Wednesday, November 4, 2009

Red Nose Studio

Chris Sickels welcomes us into the amazing world of Red Nose Studio. His illustrations appear in advertising, magazines, books, newspapers, packaging, character development and animation. His work has been honored by virtually every award institution or annual.

How did you start working dimensionally?
While finishing college, I saw some puppet performances by Mark Fox that were full of movement, lighting, sounds, smells, textures, and when i would go back to the studio to paint, myself and fellow painters would talk about how after seeing one of those performances, working on a painting seemed so still and dead. Eventually I started trying to create puppets of my characters. This is how I got hooked on building things, it all tied back to the toys I tried to make as a kid. So over time while I was illustrating as a painter I continuously worked on building puppets and trying to find a way to use them in my illustrations and after about 3-4 years of trial and mostly error, I was able to have an art director that had enough confidence in my work that she was willing to give the 3D work a shot.

What or who has influenced the way you work?
While working as an art handler at the Contemporary Art Center in Cincinnati in the late nineties, I helped install an exhibit of Tim Hawkinson's work, meeting somebody like him and seeing how he manipulates materials and constructs his sculptures, really opened my eyes to how someone can create things beyond just oil and canvas. The list of influences runs on and on from Dave McKean and his 'Mr. Punch' graphic novel, the stop-motion work of the Quay Brothers, Nick Park, the puppet performances of Mark Fox, Eric Sanko, and seeing the footage of Alexander Calder performing his Circus. The most important influence on the way I work is my growing up and working on a small family farm, I was taught how to use what you have on hand to fix/solve the situation that arises. Watching my Grandfather, who able to fix just about anything with a pair of pliers and some wire. To this day, wire is is the core of all my figures.

Please describe your working process.
Sketching , Sketching and more drawing, this is where it all starts. Once a drawing can successfully convey the concept, everything gets built from there. Often I do some very rough watercolor studies and dig thru drawers of fabric to establish a palette. The camera angle/ viewpoint is kept in the forefront of the building process, so things can be created efficiently, much like a stage or movie set. The facial expressions of the characters play a large role in my images, so considerable attention is put on the sculpting of the figures and the rest of the environment is built as it needs to be to help direct the viewer through the composition. Lighting the set and adjustments to the camera angle and figure position are made up until the final shot. It usually takes at least 100 test shots throughout the process until everything seems to fall into place.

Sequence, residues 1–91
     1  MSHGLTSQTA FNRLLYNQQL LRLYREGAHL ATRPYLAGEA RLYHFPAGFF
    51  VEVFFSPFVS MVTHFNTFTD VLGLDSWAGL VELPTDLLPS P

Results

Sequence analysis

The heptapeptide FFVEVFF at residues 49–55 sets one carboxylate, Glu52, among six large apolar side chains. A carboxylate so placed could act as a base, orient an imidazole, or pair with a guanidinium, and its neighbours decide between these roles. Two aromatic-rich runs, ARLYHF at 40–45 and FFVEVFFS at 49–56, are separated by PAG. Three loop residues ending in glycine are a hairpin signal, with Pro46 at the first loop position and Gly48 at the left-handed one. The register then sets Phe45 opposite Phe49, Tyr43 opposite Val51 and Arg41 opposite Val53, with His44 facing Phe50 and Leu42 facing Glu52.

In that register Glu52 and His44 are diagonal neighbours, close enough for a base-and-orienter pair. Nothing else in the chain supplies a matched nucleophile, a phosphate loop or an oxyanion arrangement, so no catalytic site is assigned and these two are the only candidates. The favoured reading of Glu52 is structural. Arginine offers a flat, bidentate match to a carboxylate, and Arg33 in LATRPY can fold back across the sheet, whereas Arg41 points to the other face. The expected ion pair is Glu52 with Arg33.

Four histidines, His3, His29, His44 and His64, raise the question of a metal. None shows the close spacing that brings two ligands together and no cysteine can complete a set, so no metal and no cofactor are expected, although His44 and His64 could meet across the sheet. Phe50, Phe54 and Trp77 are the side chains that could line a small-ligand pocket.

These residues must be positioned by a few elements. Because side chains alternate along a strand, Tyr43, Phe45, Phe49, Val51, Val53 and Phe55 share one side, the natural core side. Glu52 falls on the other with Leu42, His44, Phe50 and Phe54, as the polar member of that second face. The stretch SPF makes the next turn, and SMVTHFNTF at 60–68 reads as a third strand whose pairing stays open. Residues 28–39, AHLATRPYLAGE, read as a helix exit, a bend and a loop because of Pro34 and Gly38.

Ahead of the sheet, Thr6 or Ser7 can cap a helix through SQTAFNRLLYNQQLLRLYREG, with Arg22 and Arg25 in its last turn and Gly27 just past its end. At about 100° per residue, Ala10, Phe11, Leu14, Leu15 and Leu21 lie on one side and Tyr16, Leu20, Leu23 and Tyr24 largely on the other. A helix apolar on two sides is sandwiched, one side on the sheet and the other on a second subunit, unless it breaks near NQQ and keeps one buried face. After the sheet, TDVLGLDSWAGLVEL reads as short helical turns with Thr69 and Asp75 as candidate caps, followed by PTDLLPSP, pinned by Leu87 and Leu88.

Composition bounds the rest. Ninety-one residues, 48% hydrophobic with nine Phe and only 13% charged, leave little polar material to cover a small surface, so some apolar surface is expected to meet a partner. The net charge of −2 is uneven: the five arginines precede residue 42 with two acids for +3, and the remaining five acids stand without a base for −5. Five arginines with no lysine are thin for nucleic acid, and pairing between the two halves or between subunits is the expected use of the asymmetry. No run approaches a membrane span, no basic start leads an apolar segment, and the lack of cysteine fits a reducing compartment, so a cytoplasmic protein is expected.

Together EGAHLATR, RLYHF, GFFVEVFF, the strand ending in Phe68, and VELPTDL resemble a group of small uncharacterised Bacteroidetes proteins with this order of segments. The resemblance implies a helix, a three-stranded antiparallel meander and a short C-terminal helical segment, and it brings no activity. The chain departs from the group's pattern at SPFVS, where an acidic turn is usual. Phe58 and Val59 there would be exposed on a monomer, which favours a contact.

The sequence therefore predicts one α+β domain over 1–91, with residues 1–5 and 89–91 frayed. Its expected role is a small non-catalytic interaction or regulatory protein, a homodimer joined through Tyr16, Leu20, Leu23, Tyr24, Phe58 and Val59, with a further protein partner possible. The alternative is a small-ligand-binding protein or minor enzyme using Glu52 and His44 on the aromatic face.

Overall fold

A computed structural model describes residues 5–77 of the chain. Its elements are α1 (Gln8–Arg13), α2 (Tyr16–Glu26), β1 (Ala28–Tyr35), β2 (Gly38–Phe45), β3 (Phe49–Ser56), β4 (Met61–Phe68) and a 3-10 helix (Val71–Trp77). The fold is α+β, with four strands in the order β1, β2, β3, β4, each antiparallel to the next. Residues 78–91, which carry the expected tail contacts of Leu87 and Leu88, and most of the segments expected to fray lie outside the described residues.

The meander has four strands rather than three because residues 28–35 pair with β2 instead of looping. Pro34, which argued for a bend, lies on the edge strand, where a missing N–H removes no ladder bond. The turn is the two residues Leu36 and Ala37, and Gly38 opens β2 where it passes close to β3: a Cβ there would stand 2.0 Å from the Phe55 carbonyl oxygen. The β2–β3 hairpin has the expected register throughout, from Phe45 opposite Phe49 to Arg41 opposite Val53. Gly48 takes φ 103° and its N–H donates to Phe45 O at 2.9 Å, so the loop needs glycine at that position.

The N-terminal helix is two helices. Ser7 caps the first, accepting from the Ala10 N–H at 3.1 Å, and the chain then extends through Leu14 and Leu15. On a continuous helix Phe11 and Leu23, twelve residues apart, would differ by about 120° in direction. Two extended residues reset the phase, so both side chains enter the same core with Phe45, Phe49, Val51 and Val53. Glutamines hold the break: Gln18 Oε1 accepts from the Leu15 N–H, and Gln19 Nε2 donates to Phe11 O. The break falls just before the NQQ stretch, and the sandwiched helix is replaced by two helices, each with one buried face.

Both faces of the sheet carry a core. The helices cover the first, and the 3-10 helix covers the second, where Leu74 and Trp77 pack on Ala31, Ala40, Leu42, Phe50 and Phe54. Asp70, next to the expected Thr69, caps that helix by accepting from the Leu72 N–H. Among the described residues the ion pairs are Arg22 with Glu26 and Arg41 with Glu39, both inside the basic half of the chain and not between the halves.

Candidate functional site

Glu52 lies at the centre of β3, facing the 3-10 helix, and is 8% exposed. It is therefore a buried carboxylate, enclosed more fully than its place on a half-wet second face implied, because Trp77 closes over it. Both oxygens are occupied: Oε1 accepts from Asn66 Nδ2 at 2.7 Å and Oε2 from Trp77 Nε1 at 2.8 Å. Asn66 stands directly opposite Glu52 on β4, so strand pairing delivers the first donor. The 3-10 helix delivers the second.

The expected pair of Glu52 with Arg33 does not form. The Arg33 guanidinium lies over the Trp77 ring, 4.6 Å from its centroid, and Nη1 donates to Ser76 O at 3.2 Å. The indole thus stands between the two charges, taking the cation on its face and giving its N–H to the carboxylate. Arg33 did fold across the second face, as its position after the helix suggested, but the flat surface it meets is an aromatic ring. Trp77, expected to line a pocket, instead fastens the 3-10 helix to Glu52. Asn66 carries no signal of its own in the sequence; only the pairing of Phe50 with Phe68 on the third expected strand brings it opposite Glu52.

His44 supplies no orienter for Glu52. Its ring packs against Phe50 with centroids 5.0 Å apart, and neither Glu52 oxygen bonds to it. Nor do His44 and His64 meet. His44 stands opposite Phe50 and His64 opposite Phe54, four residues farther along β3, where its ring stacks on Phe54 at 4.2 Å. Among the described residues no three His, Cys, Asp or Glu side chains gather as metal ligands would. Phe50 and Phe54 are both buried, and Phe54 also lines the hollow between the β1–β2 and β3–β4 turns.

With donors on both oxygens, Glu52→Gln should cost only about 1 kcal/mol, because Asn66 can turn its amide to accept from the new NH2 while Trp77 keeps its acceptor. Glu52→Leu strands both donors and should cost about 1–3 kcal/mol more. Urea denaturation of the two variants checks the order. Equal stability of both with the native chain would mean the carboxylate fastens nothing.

What do you enjoy the most / least about working dimensionally?

MOST: Visual problem solving, coming up with concepts, the ideas. Being able to work in all facets of art- drawing, sculpting, painting, building sets, making props, costumes, photography, and lighting to create my own little worlds. LEAST: Not sure, probably space constraints, and the fact that I think I am on am mission to find the most difficult way to create illustrations.

Red Nose Studio has been featured in Communication Arts, HOW, Print, Creativity and 3x3 Magazine, as well as in a number of art and design books including Taschen’s Illustration Now!. He has twice been honored with the Carol Anthony Grand Prize award from the Society of Illustrators 3-D Salon. Two of his short films, The Red Thread Project and Innards, were selected to screen at the 2005 and 2006 Los Angeles International Short Film Festival. He authored and illustrated The Look Book, and has illustrated the children's book Here Comes The Garbage Barge that will released in February 2010.

Red Nose Studio aka Chris Sickels
images and content © Red Nose Studio
for commissions, please contact:
Magnet Reps || Artist Representatives


  1. Really interesting and imaginative work.

    I wish I had the time to create the props and backdrops like you feature in your illustrations.

    I'm beginning to feel a little outclassed with my lowly plasticine. I'd love to have the time to create a character in clay and lavish it with such attention to detail.

  2. Chris, your work blows me away every time! the lighting, the sets, the characters... amazing!

  3. your work is amazing. so inspiring!!

  4. been a big fan of your work for a long time Chris. Can't wait to purchase my own copy of "the garbage barge"

  5. Chris, such admiration for your distinctive style and creativity. WOW! Keep em comin'!

  6. I have always been interested on 3D stuff and so. luckily, the time for me to learn this fabulous art has come!
    All I have to do is keep researching tin order to find the best tools to develop my work.
    I wish I could get some viagra online before put my hands on work